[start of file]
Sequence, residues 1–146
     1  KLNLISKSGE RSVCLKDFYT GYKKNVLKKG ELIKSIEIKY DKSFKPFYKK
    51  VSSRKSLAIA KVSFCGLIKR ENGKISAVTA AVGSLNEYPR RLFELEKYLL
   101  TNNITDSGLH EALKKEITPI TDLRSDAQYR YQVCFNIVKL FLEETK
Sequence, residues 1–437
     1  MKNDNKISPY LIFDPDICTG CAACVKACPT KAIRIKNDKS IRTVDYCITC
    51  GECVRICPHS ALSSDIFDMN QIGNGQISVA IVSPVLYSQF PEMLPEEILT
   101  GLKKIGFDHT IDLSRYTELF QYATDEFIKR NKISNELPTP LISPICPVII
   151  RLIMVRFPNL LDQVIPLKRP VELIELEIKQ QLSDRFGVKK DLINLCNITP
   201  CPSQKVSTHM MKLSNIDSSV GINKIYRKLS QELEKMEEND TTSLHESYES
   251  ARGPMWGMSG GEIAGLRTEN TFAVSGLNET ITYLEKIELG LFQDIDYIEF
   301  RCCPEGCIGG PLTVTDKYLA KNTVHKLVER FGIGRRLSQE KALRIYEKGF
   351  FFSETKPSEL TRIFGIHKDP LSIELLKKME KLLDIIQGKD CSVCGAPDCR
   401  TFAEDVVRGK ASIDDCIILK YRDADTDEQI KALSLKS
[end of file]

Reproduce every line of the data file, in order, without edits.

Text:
Sequence, residues 1–146
     1  KLNLISKSGE RSVCLKDFYT GYKKNVLKKG ELIKSIEIKY DKSFKPFYKK
    51  VSSRKSLAIA KVSFCGLIKR ENGKISAVTA AVGSLNEYPR RLFELEKYLL
   101  TNNITDSGLH EALKKEITPI TDLRSDAQYR YQVCFNIVKL FLEETK
Sequence, residues 1–437
     1  MKNDNKISPY LIFDPDICTG CAACVKACPT KAIRIKNDKS IRTVDYCITC
    51  GECVRICPHS ALSSDIFDMN QIGNGQISVA IVSPVLYSQF PEMLPEEILT
   101  GLKKIGFDHT IDLSRYTELF QYATDEFIKR NKISNELPTP LISPICPVII
   151  RLIMVRFPNL LDQVIPLKRP VELIELEIKQ QLSDRFGVKK DLINLCNITP
   201  CPSQKVSTHM MKLSNIDSSV GINKIYRKLS QELEKMEEND TTSLHESYES
   251  ARGPMWGMSG GEIAGLRTEN TFAVSGLNET ITYLEKIELG LFQDIDYIEF
   301  RCCPEGCIGG PLTVTDKYLA KNTVHKLVER FGIGRRLSQE KALRIYEKGF
   351  FFSETKPSEL TRIFGIHKDP LSIELLKKME KLLDIIQGKD CSVCGAPDCR
   401  TFAEDVVRGK ASIDDCIILK YRDADTDEQI KALSLKS